Friday, 8 March 2013

#258 Candlemass - Nightfall

From stoner doom, now, to a different place entirely, where doom metal has an atmosphere which is high in an entirely different way - the lofty, epic world encountered in Candlemass' second album - Nightfall.

Candlemass are a name thoroughly synonymous with epic-doom. The genre title itself, aside from describing perfectly the music one has in store listening to an album in the style, was also one coined by the band, with their debut "Epicus Doomicus Metallicus" certainly placing a name to it's own musical persuasion. Nightfall is the band's second full-length album, and is regarded as a classic - the first truly "classic" doom record, but not the last, that I plan to take a look at in this month of doom.

Epic doom is an interesting mixture of things - bits and pieces of conventional doom, traditional-metal, and more than a few operatic leanings all come together. The result is more airy and often more intricate than it's more conventional cousins, and at times, it is indeed more energetic and fast. Nightfall certainly has songs, like "At the Gallows End", which conform to this type, but, like the genre itself, it is still undeniably doom, and plenty of the album pounds away at the lower tempos quite contently, and very much effectively. It doesn't take much time or cognitive work to figure-out why it's called epic doom either. Nightfall is massively grandiose and, to overuse a phrase, very epic. In my experience, however much one loves metal, and in my case, that means a lot, listening to a Candlemass album like this one, or any similarly grand sounding metal-record very much carries a sense of formality - it feels higher than "plain-old-heavy-metal", despite there being no reason for supposing the latter to be in any way illegitimate. Throughout nightfall, above the crunchy, perhaps a little humble, guitar tone which propels the music along, all sorts of angelic epic parts soar - powerful synth seeps through the music, elevating it and giving is a vast atmosphere - the sort of thing which would sound superb in a cathedral, or flowing through the stones of some ancient auditorium.  Joining the synth is the golden, glowing lead-guitar, which weaves gorgeous and superbly memorable melodies and solos, which are often the musical aspect which really being the songs into their own.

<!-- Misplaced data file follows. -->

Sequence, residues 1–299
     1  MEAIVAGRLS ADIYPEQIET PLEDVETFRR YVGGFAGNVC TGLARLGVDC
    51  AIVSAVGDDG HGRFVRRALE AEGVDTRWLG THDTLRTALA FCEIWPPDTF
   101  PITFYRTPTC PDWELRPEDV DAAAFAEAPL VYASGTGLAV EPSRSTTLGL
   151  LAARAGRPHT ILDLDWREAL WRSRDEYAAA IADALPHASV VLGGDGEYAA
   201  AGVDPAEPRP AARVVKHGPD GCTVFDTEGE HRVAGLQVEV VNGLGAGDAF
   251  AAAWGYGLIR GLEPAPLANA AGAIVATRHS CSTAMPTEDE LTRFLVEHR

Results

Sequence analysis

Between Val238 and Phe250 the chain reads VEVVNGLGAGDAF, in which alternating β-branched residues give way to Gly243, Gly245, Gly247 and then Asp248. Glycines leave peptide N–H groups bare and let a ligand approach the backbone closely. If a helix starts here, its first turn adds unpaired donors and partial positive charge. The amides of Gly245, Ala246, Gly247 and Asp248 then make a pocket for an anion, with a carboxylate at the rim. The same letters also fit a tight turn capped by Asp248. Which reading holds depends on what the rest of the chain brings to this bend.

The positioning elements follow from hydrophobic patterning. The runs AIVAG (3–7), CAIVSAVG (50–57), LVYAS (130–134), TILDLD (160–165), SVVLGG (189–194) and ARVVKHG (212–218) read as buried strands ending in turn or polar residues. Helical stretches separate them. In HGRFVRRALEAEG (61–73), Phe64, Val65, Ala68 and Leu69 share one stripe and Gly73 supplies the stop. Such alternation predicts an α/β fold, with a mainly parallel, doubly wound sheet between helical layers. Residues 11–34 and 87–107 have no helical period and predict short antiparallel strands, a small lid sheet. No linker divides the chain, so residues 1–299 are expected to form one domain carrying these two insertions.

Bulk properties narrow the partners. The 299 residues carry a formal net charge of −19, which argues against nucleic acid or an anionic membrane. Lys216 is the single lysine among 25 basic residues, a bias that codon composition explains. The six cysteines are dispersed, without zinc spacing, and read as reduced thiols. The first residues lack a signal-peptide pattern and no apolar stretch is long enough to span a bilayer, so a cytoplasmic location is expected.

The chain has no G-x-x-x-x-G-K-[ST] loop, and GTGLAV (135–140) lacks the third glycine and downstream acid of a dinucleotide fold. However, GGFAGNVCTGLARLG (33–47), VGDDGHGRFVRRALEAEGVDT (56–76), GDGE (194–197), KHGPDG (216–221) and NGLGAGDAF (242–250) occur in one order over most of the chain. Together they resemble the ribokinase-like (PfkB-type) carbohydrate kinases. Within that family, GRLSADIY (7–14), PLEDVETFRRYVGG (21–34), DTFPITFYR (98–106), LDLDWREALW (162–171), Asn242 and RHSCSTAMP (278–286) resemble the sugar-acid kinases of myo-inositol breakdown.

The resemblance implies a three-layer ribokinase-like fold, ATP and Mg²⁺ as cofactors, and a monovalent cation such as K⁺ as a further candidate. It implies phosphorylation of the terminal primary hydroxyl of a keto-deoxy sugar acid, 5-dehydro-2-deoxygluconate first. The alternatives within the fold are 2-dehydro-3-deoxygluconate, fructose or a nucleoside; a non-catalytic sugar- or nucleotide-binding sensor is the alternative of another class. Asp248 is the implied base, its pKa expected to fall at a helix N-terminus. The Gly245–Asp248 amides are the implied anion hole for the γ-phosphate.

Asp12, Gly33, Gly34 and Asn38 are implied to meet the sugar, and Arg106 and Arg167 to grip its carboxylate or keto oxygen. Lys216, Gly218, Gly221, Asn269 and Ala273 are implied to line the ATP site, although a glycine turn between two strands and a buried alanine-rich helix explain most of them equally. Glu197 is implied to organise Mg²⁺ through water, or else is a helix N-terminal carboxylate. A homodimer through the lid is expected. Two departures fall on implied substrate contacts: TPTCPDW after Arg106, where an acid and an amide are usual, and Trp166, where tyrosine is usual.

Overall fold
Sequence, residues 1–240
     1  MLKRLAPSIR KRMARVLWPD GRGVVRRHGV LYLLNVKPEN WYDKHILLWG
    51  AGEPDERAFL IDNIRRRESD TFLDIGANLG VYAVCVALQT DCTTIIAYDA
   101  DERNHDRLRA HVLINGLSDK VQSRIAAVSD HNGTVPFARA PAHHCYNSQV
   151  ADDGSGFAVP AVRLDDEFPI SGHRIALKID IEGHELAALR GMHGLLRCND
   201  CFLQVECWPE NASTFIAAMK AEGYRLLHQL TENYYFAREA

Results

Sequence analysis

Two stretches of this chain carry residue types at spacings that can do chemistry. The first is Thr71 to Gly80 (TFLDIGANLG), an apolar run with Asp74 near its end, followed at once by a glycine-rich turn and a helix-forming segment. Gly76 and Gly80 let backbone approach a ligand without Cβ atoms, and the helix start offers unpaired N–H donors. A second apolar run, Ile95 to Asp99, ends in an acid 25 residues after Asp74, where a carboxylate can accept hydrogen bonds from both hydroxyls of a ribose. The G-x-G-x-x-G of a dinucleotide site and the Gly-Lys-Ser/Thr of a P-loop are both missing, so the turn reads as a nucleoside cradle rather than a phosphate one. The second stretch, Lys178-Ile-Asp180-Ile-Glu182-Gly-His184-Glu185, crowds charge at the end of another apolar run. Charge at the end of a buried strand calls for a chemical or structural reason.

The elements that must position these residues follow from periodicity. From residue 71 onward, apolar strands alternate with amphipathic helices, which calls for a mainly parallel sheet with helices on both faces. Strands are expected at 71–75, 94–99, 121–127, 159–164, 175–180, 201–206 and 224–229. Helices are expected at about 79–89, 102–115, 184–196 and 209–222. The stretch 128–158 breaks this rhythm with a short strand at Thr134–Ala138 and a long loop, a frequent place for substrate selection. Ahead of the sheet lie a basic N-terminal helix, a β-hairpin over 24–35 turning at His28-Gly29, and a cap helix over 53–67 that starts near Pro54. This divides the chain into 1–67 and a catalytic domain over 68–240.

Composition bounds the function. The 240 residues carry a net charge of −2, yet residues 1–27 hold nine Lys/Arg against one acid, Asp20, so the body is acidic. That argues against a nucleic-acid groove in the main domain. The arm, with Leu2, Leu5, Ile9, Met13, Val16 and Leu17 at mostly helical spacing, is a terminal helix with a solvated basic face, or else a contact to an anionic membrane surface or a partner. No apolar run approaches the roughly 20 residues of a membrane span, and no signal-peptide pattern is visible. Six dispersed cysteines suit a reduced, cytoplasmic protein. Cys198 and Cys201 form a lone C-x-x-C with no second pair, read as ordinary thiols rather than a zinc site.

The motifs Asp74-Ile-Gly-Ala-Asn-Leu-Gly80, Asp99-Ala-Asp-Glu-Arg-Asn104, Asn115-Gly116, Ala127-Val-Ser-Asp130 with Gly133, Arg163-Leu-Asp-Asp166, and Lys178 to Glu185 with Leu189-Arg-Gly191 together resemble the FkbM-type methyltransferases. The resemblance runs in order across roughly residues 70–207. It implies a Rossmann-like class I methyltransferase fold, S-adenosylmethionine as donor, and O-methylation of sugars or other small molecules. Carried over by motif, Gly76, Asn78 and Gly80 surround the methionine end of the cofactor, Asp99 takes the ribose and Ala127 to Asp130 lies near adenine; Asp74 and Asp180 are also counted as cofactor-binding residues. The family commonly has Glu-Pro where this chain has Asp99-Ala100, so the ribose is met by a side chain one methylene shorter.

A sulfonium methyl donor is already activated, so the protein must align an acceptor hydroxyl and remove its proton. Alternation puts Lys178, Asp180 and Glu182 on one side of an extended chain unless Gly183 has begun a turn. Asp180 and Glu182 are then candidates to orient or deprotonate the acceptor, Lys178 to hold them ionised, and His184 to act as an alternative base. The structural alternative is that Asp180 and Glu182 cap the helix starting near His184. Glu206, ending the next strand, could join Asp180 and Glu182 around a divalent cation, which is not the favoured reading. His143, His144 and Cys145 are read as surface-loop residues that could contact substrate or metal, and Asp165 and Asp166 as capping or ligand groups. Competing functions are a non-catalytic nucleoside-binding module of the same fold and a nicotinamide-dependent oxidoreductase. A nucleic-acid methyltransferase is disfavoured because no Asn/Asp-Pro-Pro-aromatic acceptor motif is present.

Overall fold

One of the most notable features of the album are the extremely talented vocals of "Messiah" Marcolin, who delivered vocals on this, and a number of the bands subsequent works. I'm generally poor at reviewing vocals, and they're certainly a sphere I don't explore as much as the other aspects of a given album, but Marcolin's vocals immediately struck me as interesting to listen to - Aside from being very operatic, even theatrical, I also find them unpredictable to listen to - The notes which follow from one another aren't always the notes you were expecting, or even the ones which a music-theory purist would entirely approve of, but they are nonetheless very clearly deliberate and performed with great talent. This idiosyncrasy has the effect of rendering the vocals on the record extremely haunting, often in a beautiful sense, and also quite eerie - while the album is certainly one with a beautiful atmosphere, there are constant reminder that metal can also be devilish and a touch maniacal. They blend extremely well with the poignant, steady crashing of the drums, and the general, not-too-polished epic melody. I say not too polished, and mean it in a positive light, as musical grandiosity certainly doesn't mean perfectionism - the record hasn't taken hundreds of takes, and hasn't been painstakingly edited and produced, and frankly, it's far better for it, than if the band had taken the (relatively easy to grasp at) decision to have pristine, sterile production. I'm glad they didn't.

Nightfall is definitely on the required-listening-list for epic doom as a sub-genre, and sadly the album one which I discovered far later than I should have - I'd been enjoying epic doom for months before trying out the very fathers of the genre - Candlemass. Songs like "Samarithan", with it's fantastic crescendo and beautiful narrative, is reason enough for any self-professed doom enthusiast to be motivated to give the album a listen.

This is a 9/10.

Candlemass Official Site
Candlemass on Facebook
Candlemass on Metal Archives

I'm not sure what I'm going to look at next, but it's going to be more doom...